certainty, information, time,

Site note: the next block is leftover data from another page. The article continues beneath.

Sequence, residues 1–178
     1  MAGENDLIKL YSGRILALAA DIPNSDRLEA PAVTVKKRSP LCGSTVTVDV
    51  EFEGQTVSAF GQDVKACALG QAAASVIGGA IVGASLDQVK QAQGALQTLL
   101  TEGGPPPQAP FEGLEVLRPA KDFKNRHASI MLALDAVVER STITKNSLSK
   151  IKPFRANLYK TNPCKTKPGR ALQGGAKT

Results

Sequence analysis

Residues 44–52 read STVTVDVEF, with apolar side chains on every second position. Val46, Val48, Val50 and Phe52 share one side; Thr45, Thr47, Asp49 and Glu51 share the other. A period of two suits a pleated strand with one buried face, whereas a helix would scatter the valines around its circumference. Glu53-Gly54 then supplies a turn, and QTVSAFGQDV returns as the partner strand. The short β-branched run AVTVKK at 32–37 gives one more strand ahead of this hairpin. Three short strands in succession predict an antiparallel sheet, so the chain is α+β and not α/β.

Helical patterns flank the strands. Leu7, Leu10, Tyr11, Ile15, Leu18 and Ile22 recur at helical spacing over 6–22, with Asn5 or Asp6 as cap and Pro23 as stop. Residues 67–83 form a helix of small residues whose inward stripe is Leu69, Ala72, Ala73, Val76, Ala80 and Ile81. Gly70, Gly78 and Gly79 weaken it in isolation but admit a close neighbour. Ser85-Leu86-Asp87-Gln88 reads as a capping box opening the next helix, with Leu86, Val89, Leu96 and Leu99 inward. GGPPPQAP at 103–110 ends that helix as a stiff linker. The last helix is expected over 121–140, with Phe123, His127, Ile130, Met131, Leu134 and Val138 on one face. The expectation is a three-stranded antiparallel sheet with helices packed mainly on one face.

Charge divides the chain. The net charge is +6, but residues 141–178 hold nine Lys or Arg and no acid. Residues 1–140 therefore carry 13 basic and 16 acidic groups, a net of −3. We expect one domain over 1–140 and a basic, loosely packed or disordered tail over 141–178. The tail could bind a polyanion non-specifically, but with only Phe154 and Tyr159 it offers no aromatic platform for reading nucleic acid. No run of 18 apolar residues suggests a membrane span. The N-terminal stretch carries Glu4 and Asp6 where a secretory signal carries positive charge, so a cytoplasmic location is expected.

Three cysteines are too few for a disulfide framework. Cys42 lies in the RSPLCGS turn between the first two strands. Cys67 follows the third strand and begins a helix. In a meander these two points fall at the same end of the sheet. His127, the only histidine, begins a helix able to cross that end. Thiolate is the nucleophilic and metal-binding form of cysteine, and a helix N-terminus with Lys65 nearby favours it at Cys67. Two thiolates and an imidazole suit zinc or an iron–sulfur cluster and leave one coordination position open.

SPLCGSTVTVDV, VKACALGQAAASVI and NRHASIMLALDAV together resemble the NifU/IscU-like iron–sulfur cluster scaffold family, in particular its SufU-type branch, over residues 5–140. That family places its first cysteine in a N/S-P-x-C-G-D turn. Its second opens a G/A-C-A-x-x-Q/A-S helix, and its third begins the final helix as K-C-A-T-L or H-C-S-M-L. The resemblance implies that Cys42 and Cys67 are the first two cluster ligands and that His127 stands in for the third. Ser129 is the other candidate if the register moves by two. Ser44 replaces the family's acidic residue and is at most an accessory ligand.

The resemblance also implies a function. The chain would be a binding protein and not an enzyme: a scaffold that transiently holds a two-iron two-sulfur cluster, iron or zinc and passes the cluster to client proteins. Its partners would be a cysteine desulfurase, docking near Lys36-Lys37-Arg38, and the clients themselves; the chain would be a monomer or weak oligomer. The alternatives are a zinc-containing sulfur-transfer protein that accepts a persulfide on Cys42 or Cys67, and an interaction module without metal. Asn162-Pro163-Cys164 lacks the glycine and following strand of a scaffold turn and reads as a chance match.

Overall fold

.b. Certainty: The more the commander knows of these factors, the more specific he can make hisplan. While the desire for certainty is a natural human trait, the very nature of battle makes absolutecertainty an impossibility. The commander must not become enslaved to its pursuit. Referred to asthe "fog of war", uncertainty pervades the battlefield. The commander must accept a degree of uncertainty, which he compensates for by developing flexible plans, planning for contingencies,developing standing operating procedures (SOPs), developing initiative in his subordinates, issuingmission-type orders, and making his intent clearly understood. The moral courage to make decisionsin the face of uncertainty is an essential trait in a commander.c. Information: The second factor is information. In general, the more information a commanderhas at his disposal, the more effective his decisions. The commander attempts to reduce uncertaintyby seeking information about the enemy, the environment, and his own situation as well. However, inthe heat of battle, perhaps the only certainty is that available information will always be incomplete,will usually be inaccurate, and will sometimes even be contradictory. Early in the decision process,when information is scarce, the effectiveness of a decision increases dramatically as informationincreases. However, at some point in the process, when basic information has been obtained and theeffort concentrates on details, the commander reaches a point of diminishing returns - when thepotential effectiveness of his decision does not improve in proportion to the information obtained orthe time and effort needed to obtain it. The commander who delays his decision beyond this pointrisks surrendering the initiative.d. Time: Time is an essential consideration in the decision making process. Timely decisionsrequire rapid thinking, with consideration often limited to essential factors. The commander shouldspare no effort to streamline his information - gathering and decision making procedures to promote